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Girl Power. Artist Unknown (photo © Jaime Rojo)

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Untitled. Manhattan, NYC. January 2014. (photo © Jaime Rojo)

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The 2013 BSA Year in Images (VIDEO)

The 2013 BSA Year in Images (VIDEO)

Here it is! Our 2013 wrap up featuring favorite images of the year by Brooklyn Street Art’s Jaime Rojo.

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Before our video roundup below here is the Street Art photographer’s favorite of the year, snapped one second before he was singled out of a New York crowd, handcuffed, and stuffed into a police car – sort of like the Banksy balloons he was capturing.

“Among all the thousands of photos I took this year there’s one that encapsulates the importance of Street Art in the art world and some of the hysteria that can build up around it,” he says of his final shot on the final day of the one month Better Out Than In artist ‘residency’ in NYC this October. It was a cool day to be a Street Art photographer – but sadly Rojo was camera-less in a case of mistaken identity, if only for a short time.

Released two hours later after the actual car-jumping trespasser was charged, Rojo was happy to hear the Chief Lieutenant tell his officer “you’ve got the wrong man”, to get his shoelaces back, and to discover this photo was still on his camera. He also gets to tell people at parties that he spent some time in the holding cell with the two guys whom New York watched tugging down the B-A-N-K-S-Y.

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What’s everybody looking at? Jaime Rojo’s favorite image of the year at the very end of the Banksy brouhaha. (photo © Jaime Rojo)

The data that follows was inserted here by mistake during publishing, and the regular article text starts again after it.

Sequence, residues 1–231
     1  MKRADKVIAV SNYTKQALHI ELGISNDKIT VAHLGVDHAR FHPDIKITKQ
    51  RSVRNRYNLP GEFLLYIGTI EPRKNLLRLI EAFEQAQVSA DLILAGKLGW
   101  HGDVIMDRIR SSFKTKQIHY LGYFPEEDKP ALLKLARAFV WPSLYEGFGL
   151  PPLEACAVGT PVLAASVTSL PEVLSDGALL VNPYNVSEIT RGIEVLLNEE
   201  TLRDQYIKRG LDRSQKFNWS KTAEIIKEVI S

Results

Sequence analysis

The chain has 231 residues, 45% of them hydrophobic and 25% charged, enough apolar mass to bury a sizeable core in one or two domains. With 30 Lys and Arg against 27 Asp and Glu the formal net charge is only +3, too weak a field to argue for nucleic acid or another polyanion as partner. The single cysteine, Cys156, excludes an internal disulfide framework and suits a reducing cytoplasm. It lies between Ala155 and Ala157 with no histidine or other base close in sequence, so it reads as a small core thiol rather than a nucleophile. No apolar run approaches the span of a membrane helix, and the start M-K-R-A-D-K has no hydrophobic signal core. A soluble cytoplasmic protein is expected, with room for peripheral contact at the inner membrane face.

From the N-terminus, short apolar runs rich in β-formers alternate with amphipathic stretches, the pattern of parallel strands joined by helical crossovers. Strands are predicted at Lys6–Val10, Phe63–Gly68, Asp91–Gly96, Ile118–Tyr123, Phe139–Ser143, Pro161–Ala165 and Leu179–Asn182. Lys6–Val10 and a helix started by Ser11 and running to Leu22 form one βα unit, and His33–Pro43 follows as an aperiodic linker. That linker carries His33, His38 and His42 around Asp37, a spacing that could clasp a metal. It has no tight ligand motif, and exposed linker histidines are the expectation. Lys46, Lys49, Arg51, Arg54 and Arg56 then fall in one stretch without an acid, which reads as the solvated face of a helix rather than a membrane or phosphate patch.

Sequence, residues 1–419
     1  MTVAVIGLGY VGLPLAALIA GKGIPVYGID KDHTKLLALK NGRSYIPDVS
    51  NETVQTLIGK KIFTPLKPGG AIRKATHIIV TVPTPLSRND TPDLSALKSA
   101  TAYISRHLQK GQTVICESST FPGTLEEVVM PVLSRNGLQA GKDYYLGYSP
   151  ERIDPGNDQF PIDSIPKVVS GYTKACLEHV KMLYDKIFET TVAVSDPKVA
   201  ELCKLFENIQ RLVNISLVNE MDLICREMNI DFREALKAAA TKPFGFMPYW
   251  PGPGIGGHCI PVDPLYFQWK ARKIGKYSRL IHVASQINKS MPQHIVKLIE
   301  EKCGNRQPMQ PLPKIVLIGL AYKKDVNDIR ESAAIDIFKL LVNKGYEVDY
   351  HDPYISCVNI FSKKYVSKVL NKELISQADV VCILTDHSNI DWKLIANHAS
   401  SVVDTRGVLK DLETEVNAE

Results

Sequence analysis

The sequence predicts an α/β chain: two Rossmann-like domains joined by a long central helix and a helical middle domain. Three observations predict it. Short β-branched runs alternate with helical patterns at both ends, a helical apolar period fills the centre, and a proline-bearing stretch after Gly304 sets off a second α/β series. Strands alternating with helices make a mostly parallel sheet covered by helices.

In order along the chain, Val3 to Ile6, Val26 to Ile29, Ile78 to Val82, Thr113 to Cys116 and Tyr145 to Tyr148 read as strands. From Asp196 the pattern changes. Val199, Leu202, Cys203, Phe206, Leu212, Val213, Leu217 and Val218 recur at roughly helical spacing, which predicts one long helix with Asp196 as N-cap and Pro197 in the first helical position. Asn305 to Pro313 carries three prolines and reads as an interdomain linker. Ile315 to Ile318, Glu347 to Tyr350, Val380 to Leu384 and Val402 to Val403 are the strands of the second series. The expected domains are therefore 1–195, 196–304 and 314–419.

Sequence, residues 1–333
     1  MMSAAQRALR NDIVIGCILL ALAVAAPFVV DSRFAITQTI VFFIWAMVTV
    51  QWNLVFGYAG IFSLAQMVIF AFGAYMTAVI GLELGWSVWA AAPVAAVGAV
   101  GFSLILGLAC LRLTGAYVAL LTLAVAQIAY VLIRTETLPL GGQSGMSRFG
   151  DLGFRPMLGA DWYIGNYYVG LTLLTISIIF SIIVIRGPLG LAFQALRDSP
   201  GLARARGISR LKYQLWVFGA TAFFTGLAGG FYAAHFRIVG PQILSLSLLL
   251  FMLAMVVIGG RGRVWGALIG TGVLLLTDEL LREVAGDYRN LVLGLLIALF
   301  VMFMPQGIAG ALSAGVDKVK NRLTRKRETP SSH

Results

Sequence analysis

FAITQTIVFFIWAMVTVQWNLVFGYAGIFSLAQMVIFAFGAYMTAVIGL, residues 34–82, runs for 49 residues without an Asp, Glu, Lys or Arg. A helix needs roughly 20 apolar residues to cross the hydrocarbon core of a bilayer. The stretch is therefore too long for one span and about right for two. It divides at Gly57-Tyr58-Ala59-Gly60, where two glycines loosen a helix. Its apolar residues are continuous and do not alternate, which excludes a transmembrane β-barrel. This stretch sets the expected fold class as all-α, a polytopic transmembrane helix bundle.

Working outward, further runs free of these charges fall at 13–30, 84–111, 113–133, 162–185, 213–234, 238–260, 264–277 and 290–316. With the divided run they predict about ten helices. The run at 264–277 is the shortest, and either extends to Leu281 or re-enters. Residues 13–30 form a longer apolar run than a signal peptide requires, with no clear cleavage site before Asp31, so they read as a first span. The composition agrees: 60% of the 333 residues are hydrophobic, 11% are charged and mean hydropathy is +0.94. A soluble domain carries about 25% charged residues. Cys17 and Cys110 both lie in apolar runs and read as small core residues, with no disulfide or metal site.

Now, for the Video

When it came to choosing the 112 images for the video that capture the spirit of the Street Art scene in ’13, we were as usual sort of overwhelmed to comb through about ten thousand images and to debate just how many ‘legal’ versus ‘illegal’ pieces made it into the mix. Should we include only images that went up under the cover of the night, unsanctioned, uncensored, uncompromised, unsolicited and uncommissioned? Isn’t that what Street Art is?

Right now there are a growing number of legal pieces going up in cities thanks to a growing fascination with Street Art and artists and it is causing us to reevaluate what the nature of the Street Art scene is, and what it may augur for the future. You can even say that from a content and speech perspective, a sizeable amount of the new stuff is playing it safe – which detracts from the badass rebel quality once associated with the practice.

These works are typically called by their more traditional description – murals. With all the Street Art / graffiti festivals now happening worldwide and the growing willingness of landlords to actually invite ‘vandals’ to paint their buildings to add cache to a neighborhood and not surprisingly benefit from the concomitant increase in real estate values, many fans and watchers have been feeling conflicted in 2013 about the mainstreaming that appears to be taking place before our eyes. But for the purposes of this roundup we decided to skip the debate and let everybody mix and mingle freely.

This is just a year-end rollicking Street Art round-up; A document of the moment that we hope you like.

Ultimately for BSA it has always been about what is fresh and what is celebrating the creative spirit – and what is coming next. “We felt that the pieces in this collection expressed the current vitality of the movement – at least on the streets of New York City,” says photographer and BSA co-founder Rojo. It’s a fusillade of the moment, complete with examples of large murals, small wheat pastes, intricate stencils, simple words made with recycled materials or sprayed on to walls, clay installations, three dimensional sculptures, hand painted canvases, crocheted installations, yarn installations etc… they somehow captured our imaginations, inspired us, made us smile, made us think, gave us impetus to continue doing what we are doing and above all made us love this city even more and the art and the artists who produce it.